The U.S. Supreme Court has ruled that the residents of Flint, Michigan may pursue a civil rights lawsuit against the city and government officials.
The lawsuit alleges that both the city and its officials knowingly allowed the city's water supply to become contaminated with lead. The ruling comes despite two appeals by the city and the state and local officials of a lower court ruling that allowed the lawsuit to move forward.
Flint city officials and state regulators have argued for years that they are protected by "qualified immunity" from being sued for their role in the water contamination crisis, but the courts disagreed.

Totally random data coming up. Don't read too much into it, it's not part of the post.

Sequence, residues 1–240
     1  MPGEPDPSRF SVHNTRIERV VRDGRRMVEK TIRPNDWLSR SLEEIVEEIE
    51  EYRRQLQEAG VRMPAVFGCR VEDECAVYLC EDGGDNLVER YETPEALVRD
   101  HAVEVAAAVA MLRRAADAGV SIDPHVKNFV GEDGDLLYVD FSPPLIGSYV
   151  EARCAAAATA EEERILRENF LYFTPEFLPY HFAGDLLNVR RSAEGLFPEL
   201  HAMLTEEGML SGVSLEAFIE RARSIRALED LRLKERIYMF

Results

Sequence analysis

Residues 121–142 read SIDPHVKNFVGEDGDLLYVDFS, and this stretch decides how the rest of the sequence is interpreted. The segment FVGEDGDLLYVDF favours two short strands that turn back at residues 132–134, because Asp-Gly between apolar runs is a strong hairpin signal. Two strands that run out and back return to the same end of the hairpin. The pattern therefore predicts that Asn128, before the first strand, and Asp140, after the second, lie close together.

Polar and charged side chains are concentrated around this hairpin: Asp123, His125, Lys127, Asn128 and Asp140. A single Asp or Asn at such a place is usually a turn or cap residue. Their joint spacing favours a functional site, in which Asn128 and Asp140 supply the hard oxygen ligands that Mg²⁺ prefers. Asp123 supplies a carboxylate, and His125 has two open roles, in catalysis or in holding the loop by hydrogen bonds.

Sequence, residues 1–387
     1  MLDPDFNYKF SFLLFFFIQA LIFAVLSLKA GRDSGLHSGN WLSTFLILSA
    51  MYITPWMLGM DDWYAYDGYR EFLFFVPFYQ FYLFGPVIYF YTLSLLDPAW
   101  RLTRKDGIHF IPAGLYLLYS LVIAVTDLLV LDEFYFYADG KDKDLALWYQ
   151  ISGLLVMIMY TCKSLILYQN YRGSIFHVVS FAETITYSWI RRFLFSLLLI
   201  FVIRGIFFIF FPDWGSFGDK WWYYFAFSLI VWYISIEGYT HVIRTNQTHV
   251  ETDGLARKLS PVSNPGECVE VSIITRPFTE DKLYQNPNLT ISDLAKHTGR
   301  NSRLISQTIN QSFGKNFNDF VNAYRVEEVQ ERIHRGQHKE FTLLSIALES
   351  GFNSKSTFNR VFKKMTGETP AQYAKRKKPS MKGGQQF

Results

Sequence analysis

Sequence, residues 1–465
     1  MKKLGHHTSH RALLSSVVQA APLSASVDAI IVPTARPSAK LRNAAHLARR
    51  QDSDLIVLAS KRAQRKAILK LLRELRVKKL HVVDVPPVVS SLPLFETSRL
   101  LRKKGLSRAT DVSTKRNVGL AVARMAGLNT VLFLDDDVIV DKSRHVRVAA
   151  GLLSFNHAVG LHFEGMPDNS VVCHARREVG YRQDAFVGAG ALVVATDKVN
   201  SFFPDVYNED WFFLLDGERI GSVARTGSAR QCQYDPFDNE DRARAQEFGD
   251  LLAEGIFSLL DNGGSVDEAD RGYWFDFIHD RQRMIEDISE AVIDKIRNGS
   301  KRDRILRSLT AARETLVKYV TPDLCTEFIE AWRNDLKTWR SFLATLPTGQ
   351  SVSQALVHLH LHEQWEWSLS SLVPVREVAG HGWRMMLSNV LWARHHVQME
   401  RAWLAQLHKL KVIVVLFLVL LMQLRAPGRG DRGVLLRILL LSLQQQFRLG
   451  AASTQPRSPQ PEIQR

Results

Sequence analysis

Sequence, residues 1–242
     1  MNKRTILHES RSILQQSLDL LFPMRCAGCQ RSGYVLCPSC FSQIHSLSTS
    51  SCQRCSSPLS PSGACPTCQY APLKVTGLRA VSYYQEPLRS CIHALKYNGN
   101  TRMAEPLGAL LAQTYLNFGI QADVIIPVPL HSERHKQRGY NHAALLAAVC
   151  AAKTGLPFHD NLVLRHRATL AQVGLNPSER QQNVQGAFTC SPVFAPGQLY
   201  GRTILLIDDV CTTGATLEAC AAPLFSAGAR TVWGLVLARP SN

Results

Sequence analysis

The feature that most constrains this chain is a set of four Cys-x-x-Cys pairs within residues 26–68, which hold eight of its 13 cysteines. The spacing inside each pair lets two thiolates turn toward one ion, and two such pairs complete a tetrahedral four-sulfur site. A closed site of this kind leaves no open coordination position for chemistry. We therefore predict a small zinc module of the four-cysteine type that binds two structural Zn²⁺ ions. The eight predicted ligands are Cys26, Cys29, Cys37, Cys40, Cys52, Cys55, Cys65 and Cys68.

In 2011, the state of Michigan took over Flint's finances after an audit projected a $25 million deficit. The city later announced that a new pipeline would be built to deliver water from Lake Huron to Flint to reduce the water fund shortfall. While the pipeline was under construction, in 2014, the city turned to the Flint River as a water source, and the city's residents reported changes to the water's color, smell, and taste shortly after.
Tests in 2015 by the Environmental Protection Agency (EPA) and Virginia Tech confirmed that the water contained dangerous levels of lead.
Lead consumption can affect the heart, kidneys, and nerves. Health effects of lead exposure in children include impaired cognition, behavioral disorders, hearing problems, and delayed puberty.
Flint has not had clean water since.
Approximately 25,000 people have filed lawsuits over the crisis, many of which are expected to go forward in lower courts.